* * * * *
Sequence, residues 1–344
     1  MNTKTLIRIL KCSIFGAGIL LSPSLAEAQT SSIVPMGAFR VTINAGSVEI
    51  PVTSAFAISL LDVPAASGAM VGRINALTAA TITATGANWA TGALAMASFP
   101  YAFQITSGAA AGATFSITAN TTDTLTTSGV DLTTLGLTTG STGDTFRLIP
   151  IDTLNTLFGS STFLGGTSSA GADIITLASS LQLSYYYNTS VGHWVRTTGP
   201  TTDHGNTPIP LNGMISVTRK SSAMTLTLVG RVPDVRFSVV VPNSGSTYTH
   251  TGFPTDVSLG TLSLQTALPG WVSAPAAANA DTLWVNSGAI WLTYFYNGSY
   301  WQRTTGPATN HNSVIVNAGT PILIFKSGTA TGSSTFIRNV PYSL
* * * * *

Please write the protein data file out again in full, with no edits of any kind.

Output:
Sequence, residues 1–344
     1  MNTKTLIRIL KCSIFGAGIL LSPSLAEAQT SSIVPMGAFR VTINAGSVEI
    51  PVTSAFAISL LDVPAASGAM VGRINALTAA TITATGANWA TGALAMASFP
   101  YAFQITSGAA AGATFSITAN TTDTLTTSGV DLTTLGLTTG STGDTFRLIP
   151  IDTLNTLFGS STFLGGTSSA GADIITLASS LQLSYYYNTS VGHWVRTTGP
   201  TTDHGNTPIP LNGMISVTRK SSAMTLTLVG RVPDVRFSVV VPNSGSTYTH
   251  TGFPTDVSLG TLSLQTALPG WVSAPAAANA DTLWVNSGAI WLTYFYNGSY
   301  WQRTTGPATN HNSVIVNAGT PILIFKSGTA TGSSTFIRNV PYSL